At the end of 2012 I quit my job, bought a ticket to America, lived at the beach, bummed around Bangkok and prepared mentally to go home. Since last week at this time I have visited Tiennanmin Square in China, flown across the world (my arms sure are tired) and traveled 60+ hours to be sitting right here on my best friends couch eating a real pickle, with some of my oldest and closest friends within driving distance (not that I have a car.) It is a humbling feeling to know you are doing exactly what you should be doing at that exact moment. This is the perfect place for me right now, with my future ahead of me and this moment right now.
The word I would use to describe my time back home thus far is overwhelming. There is so much going on and I have sensory overload with all the English everywhere. Asia seems to be losing its luster because even though there is way more to look at in Bangkok, I am sick of spicy and very much enjoying bland food, mid 70's weather, and being about to communicate.
A few preliminary thoughts about the reverse culture shock I am experiencing here at home...
- Diversity! Everyone looks like me, except they don't, it is just that everyone is not Thai so no one is staring at me! How refreshing! This does also mean no one calls me beautiful on a daily basis which is always nice to hear, but I suppose my ego could use a break.
- English. Everywhere. I can read all the signs to know what every place offers at their establishment. Convenient. I am easily swayed by advertisements and commercials, every deal sounds like the best deal ever and I can read the ingredients in what I am eating! Novel. I forgot how easy it is to live in a place where you speak the native language, it is the little things you take for granted!
- Everything is so beige and clean. The roads are all perfect and smooth, the houses are all clean and huge and everything looks the same, one intersection to the next. Perfect, middle class mediocracy is what America does like no other place in the world. Predictability can be a nice change.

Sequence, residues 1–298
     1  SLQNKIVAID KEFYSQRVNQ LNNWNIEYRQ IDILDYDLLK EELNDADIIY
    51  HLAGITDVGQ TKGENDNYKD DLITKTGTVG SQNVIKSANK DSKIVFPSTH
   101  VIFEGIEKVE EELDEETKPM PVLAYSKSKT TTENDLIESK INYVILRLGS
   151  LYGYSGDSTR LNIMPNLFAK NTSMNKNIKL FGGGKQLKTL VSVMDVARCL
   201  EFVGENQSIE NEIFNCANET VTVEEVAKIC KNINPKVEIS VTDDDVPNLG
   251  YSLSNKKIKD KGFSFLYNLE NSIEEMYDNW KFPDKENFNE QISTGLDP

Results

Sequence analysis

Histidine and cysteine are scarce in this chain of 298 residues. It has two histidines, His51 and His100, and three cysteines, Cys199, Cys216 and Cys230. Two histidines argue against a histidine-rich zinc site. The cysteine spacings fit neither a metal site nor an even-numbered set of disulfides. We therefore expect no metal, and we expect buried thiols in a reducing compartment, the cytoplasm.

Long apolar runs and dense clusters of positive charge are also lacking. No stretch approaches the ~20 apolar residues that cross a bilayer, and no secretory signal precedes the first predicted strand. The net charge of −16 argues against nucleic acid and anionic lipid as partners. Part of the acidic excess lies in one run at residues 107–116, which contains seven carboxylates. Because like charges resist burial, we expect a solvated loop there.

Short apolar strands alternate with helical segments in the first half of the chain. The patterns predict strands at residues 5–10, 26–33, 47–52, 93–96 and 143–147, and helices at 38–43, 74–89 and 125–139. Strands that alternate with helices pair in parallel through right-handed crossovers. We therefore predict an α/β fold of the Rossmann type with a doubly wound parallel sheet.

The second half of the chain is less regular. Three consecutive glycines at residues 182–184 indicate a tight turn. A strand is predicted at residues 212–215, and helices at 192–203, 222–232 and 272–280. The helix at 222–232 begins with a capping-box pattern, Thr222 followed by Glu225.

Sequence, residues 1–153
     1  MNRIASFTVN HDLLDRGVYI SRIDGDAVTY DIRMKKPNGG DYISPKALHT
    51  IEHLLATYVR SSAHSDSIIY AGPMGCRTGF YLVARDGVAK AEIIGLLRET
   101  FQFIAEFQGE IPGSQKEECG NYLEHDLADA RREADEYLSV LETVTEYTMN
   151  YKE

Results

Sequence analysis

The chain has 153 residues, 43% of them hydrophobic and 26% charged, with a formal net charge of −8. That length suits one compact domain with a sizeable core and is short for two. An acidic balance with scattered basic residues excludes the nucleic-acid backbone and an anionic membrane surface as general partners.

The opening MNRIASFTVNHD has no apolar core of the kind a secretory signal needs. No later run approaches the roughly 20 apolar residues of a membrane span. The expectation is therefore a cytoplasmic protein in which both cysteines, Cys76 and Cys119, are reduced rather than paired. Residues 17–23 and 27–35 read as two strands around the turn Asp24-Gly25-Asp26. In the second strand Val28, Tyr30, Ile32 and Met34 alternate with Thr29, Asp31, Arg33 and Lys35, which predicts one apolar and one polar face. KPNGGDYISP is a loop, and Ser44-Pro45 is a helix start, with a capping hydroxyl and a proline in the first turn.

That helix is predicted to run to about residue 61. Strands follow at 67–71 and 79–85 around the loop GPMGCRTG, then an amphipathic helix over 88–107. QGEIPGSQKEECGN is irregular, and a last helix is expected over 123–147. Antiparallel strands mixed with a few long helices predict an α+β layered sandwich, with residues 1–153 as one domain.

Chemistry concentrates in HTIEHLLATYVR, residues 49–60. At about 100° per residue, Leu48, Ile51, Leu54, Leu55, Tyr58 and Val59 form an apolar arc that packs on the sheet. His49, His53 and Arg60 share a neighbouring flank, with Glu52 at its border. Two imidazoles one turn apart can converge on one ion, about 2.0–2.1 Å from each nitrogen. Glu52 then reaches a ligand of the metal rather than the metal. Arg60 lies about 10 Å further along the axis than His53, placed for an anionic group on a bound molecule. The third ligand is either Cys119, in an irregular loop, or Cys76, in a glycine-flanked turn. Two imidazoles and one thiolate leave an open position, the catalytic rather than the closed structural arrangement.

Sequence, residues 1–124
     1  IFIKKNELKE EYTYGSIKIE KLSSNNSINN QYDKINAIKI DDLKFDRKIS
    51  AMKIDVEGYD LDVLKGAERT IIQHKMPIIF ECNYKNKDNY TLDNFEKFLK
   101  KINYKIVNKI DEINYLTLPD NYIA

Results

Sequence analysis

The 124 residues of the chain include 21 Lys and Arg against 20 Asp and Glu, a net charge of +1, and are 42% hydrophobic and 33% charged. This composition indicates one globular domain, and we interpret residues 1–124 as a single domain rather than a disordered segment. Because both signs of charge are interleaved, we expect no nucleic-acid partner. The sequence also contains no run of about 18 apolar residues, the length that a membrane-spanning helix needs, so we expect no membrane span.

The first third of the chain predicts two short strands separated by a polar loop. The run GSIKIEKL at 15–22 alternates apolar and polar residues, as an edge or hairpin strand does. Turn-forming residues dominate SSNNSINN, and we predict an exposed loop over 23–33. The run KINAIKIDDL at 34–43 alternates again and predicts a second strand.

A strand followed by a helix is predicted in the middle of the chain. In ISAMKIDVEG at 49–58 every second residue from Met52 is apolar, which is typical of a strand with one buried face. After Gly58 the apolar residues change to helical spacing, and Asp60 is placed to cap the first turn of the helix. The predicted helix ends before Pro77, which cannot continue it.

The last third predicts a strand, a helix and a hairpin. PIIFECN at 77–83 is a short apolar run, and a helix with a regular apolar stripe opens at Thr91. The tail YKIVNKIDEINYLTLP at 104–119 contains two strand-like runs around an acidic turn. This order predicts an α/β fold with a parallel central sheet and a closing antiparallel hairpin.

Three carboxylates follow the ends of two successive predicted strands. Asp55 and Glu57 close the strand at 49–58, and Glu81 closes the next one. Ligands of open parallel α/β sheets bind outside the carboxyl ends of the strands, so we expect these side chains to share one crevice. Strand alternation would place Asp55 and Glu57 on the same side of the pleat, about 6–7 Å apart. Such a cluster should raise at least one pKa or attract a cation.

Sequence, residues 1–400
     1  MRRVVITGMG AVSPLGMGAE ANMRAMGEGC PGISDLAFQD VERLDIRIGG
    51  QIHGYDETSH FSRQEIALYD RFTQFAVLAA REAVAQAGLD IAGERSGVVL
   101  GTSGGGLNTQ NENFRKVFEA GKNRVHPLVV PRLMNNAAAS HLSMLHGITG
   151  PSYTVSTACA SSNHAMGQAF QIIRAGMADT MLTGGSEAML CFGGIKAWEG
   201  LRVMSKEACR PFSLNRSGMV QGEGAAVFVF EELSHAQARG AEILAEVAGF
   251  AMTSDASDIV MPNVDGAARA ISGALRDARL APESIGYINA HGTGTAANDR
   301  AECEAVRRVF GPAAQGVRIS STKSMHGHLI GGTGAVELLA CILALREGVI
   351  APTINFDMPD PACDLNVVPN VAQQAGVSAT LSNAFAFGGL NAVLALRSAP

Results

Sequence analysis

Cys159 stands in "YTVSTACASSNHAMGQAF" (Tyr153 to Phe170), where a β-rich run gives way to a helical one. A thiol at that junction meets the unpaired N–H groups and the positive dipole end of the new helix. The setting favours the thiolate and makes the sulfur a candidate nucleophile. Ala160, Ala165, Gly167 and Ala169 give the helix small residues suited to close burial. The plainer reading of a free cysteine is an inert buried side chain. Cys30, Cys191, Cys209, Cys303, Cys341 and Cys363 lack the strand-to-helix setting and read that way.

- Again, with the English, and this might sounds kinda weird. Being able to talk to my server when out to eat, small talk with the guy behind the counter at the store, or just random people that are strangers is weird. Really weird. For almost 3 years, every interaction I have had in public from the post office to my colleagues at work have been mostly in a different language and are usually very awkward. Having to say "thank you" to my server who just understood my order completely instead of saying the same dish name over and over and"ka puen ka" with a little bow is hard to get used to.
- There is so much variety! When it comes to most western foods, I take what I can get in Asia, but grocery stores here have about 10 different flavors for every kind of food and it is all something I am used to and probably enjoy. There are no weird pig feet hanging from the ceiling at the grocery store and all food is expensive, not just in the "foreign food" section. There is so much to choose from I feel like a kid in a candy store, sometime literally!
- Traveling is much more difficult in America, the country is just so massive! I am trying to do some travel in the NW and would like to try something a little more fun than flying,
- If anything, it is exactly the same as I remember it and basically life goes on here, just as it does in any part of the world, which I take away as the most important thing I have learned from my time living abroad, while it may be easier to live in my home country, I'm living either way.
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